ENGL 698 "Capstone: Jane Austen and Her Legacy"
The weekly message board will run from Friday to Friday, to encourage you to post right after as well as before our weekly class discussions, but I encourage you to contribute your ideas throughout the week and to check the board for others' postings. Your postings do not need to be long, but they do need to be substantive: they must be long enough to convey clearly the problem you are taking up and your point of view, connecting your comment to others' comments whenever possible. I will offer models of successful comments early in the semester.
To post to the message board, follow these directions:
1. Go to my homepage at http://www.ksu.edu/english/westmank/ and click on our course (ENGL 698), and then “Message Board” to login to K-State Online and go directly to the “Message Board.” (You may also login to the K-State Online course page for ENGL 698, click on “Collaboration” and then select “Message Board.”)
2. You should see all the messages posted to date and the newest threads ones first.
3. To post, choose to “reply,” so you can engage directly in the conversation and your message can “thread” beneath the one you’re responding to. Please change the subject line so it reflects the content of your message.
You will also write four response papers (2 pages in length) in response to our readings. Response papers are designed to ready you for class discussion and to explore ideas you could develop further in your longer paper. In your response paper, you should not repeat previous class discussions or provide a summary of the reading. Instead, your response should begin to analyze the primary and secondary reading assigned for that class session, selecting an issue or theme or question you feel to be significant. I recommend that you select a word, phrase, or short quotation from the reading to initiate your response. (See sample response distributed in class.)
Everyone will write a response paper for our second reading assignment (Austen's Emma) and for our seventh reading assignment (the conclusion of Middlemarch); for the remaining two response papers, you may choose from the other texts on the syllabus, being sure to choose one novel and one film. Response papers are due at the start of class on the day we begin our discussion of the reading. Responses will be graded on a 1-5 scale: 5=A, 4=B, 3=C, 2=D, 1=F. I do not accept late response papers.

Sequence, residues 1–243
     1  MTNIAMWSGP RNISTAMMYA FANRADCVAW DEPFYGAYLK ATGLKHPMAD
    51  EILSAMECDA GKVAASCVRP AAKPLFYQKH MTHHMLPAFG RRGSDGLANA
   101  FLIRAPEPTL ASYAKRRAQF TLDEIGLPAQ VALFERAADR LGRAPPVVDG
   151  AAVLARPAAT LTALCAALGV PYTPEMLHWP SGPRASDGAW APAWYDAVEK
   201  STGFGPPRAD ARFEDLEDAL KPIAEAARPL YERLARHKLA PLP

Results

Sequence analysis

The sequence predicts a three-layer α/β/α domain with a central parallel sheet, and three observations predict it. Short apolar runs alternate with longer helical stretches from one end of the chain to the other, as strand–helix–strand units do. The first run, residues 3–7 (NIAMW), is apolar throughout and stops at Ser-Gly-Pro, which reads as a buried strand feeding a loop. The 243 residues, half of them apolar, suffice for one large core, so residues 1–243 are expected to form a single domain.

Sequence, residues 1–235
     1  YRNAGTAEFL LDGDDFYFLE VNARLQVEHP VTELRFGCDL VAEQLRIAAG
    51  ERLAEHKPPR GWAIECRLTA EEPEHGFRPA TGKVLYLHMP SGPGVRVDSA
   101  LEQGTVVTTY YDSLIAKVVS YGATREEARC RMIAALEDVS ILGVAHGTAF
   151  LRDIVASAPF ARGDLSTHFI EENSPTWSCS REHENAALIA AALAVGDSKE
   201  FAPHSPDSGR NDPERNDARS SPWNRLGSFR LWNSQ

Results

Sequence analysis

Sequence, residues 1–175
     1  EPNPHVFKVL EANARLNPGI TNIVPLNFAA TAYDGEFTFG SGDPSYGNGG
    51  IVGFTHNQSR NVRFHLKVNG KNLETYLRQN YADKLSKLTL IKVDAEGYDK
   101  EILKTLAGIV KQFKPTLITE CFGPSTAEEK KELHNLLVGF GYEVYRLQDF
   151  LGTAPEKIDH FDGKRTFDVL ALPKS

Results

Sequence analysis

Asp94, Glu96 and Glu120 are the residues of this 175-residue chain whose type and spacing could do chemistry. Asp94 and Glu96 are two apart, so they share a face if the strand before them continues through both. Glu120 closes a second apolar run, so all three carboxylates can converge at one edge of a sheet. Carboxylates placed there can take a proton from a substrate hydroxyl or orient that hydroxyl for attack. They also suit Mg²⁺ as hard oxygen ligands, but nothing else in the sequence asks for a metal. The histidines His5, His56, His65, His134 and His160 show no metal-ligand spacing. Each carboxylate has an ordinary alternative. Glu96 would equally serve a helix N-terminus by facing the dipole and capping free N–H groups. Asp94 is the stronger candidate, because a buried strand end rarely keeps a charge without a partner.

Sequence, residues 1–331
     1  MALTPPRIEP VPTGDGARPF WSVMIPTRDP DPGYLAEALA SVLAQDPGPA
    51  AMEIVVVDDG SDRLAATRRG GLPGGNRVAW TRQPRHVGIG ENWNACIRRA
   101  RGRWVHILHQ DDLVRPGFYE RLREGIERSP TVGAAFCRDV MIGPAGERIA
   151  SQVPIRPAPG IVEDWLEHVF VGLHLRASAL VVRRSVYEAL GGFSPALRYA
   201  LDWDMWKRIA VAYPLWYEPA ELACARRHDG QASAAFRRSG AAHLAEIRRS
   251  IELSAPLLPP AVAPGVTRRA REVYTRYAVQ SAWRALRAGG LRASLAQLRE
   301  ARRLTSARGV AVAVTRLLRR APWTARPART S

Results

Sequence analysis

Conferences: I want you to succeed in this course, and I am happy to meet with you about your work and your progress. I encourage you to see me before exams or papers are due, or if you have questions about material we discuss in class. Please feel free to stop by during office hours (M, W 9:00-10:00 a.m.), or contact me by phone or email to arrange a more convenient time to meet.
Note: If you have any condition such as a physical or learning disability that will make it difficult for you to carry out the work as I have outlined it or which will require academic accommodations, please notify me in the first two days of the course. Any student with a disability who needs a classroom accommodation, access to technology, assistance during an emergency evacuation, or other assistance in this course should contact the Student Access Center (formerly Disability Support Services) and/or me. The SAC serves students with a wide range of disabilities including, but not limited to, physical disabilities, sensory impairments, learning disabilities, attention deficit disorder, depression, and anxiety.